More than a year after tanks trundled through downtown Bangkok, it looks like the generals intend to stay. The military deposed democratically elected Prime Minister Thaksin Shinawatra on September 19, 2006, and promised a slew of changes–economic reforms, a crackdown on corruption and a resolution to the insurgency in the predominantly Muslim southern provinces. For this, and for a change of pace from the corporate strongman tactics of Thaksin, the crowds came out in droves, offering food and flowers, and mugging for photos next to soldiers and their tanks.
The honeymoon is over, though. The economy is stagnant, the insurgency continues and the military is becoming more deeply entrenched every day ahead of national elections on December 23. Not content with expanding their budget from 86 billion baht before the coup to 143 billion now, the generals have issued a spate of bills targeting free speech and the right to assembly, including cybercrime and film censorship. Most troubling, the military produced a draft of an Internal Security Act (ISA) that would allow it to command government officials “not to perform any act or to perform any act” that would affect internal security. Human Rights Watch has criticized this provision as a blank check that could be used to overrule existing laws and human rights protections. The executors of ISA could also act as criminal investigators and sentence those deemed a threat to national security to “re-education camps” for up to six months. They can order curfews, prohibit demonstrations and public gatherings should they give rise to “public disorder” and suspend or alter communications and transportation systems. The military- and law-enforcement-based Internal Security Operation Command (ISOC), charged with overseeing the act, could seize state agencies and would be exempt from prosecution under the Administrative Court, the highest court to oversee human rights violations.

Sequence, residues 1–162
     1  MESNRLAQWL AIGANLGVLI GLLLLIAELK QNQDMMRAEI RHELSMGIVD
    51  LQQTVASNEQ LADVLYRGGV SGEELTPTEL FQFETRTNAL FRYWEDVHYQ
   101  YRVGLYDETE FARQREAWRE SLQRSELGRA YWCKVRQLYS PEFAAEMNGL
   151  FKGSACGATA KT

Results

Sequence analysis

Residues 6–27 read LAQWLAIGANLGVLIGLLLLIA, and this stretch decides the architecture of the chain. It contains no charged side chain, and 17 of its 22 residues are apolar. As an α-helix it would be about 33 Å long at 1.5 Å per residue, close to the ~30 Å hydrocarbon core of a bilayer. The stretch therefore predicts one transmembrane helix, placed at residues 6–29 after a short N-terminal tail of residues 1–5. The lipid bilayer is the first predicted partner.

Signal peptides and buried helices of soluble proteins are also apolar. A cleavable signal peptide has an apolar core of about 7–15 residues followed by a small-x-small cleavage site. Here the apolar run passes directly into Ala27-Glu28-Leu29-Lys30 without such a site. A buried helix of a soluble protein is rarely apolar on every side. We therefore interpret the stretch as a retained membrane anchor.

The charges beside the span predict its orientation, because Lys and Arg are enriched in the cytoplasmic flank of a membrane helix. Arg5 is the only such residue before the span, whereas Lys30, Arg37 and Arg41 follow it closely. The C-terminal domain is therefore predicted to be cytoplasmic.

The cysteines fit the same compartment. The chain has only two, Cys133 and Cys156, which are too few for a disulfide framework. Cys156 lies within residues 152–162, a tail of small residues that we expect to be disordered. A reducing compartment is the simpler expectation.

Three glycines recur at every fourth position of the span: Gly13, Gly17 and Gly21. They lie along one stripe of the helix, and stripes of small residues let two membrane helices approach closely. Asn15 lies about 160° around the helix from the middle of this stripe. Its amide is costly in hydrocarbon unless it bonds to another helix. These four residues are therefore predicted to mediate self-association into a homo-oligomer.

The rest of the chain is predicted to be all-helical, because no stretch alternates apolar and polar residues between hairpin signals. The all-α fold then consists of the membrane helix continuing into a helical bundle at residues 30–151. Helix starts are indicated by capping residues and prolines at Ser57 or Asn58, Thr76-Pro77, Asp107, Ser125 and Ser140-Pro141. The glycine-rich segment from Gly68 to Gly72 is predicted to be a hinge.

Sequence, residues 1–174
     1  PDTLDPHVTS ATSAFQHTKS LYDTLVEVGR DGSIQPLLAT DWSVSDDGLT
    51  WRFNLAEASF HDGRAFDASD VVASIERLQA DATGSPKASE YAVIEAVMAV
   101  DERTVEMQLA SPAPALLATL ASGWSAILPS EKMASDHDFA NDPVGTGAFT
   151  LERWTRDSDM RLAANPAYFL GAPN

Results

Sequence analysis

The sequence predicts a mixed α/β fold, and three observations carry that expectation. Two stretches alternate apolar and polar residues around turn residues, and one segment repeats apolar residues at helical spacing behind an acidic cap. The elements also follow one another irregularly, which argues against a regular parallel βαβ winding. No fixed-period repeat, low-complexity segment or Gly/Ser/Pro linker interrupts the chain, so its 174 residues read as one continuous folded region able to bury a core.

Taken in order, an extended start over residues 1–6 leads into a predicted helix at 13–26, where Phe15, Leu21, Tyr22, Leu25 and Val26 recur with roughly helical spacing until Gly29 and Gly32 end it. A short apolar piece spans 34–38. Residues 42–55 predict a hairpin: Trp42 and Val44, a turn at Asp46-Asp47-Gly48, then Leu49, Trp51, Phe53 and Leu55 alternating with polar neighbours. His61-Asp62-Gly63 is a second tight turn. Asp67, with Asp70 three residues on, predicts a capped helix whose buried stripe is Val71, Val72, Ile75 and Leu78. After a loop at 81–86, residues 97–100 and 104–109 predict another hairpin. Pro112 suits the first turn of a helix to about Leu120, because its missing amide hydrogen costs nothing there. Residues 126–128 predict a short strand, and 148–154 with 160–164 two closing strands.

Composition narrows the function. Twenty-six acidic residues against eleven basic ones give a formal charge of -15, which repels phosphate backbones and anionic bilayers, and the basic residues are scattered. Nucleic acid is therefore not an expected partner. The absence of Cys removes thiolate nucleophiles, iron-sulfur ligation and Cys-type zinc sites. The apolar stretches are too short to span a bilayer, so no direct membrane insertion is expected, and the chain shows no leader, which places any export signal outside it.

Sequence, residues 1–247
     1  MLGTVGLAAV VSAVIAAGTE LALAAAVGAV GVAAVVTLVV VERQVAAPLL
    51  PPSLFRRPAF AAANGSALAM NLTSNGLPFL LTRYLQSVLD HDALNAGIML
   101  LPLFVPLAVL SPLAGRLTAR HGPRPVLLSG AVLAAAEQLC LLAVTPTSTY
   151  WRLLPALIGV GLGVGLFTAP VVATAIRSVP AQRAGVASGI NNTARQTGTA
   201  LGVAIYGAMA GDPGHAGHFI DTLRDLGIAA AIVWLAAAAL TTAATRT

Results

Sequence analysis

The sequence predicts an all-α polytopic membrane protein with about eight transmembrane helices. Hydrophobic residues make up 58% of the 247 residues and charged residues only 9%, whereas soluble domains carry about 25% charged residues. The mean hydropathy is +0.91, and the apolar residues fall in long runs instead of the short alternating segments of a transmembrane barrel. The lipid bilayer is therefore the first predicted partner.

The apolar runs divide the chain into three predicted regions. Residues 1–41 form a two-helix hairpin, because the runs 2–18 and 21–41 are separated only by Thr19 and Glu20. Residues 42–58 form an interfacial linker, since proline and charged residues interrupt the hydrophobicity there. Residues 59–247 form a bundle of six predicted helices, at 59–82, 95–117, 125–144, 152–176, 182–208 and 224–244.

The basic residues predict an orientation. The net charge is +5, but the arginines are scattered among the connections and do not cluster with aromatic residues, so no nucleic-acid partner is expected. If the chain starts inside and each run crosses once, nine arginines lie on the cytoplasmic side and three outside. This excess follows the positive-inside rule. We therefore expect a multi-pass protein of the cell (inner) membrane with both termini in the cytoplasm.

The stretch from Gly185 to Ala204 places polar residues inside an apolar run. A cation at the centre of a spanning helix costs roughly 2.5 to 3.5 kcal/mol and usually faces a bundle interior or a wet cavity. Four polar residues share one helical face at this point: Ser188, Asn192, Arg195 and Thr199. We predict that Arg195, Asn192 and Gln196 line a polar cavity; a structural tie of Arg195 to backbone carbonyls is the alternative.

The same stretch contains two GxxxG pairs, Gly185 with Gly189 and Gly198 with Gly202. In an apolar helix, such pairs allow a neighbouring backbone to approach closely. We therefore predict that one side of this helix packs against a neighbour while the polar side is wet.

ISA is well on its way to becoming law. It passed its first reading by the National Legislative Assembly and awaits a committee review and a final vote–a process that the government seems keen to fast-track ahead of the December elections.
The alleged motivation behind ISA? National security–and terrorism. “This law could help us prevent any future acts of terrorism,” said a senior official in the coup government’s Council on National Security, who spoke on condition of anonymity. As he envisioned it, the law could also help update outmoded security systems, deal with drugs and arms trading on the borders and with ongoing violence in the south. But the law’s critics, including more than 100 academics who signed a petition protesting ISA, see it as old-fashioned Thai military control dressed up in the rhetoric of security and counterterrorism. They worry that ISA could be used to suppress dissent.
At a meeting with anti-ISA signatories, government officials stated that the draft bill is inspired by the US Homeland Security and Patriot acts. That Thailand would follow in US footsteps is not surprising, considering that the countries are economic and strategic allies–close enough for Thailand to become home to a US “black site,” a covert prison that was closed down in 2003 after its existence became public.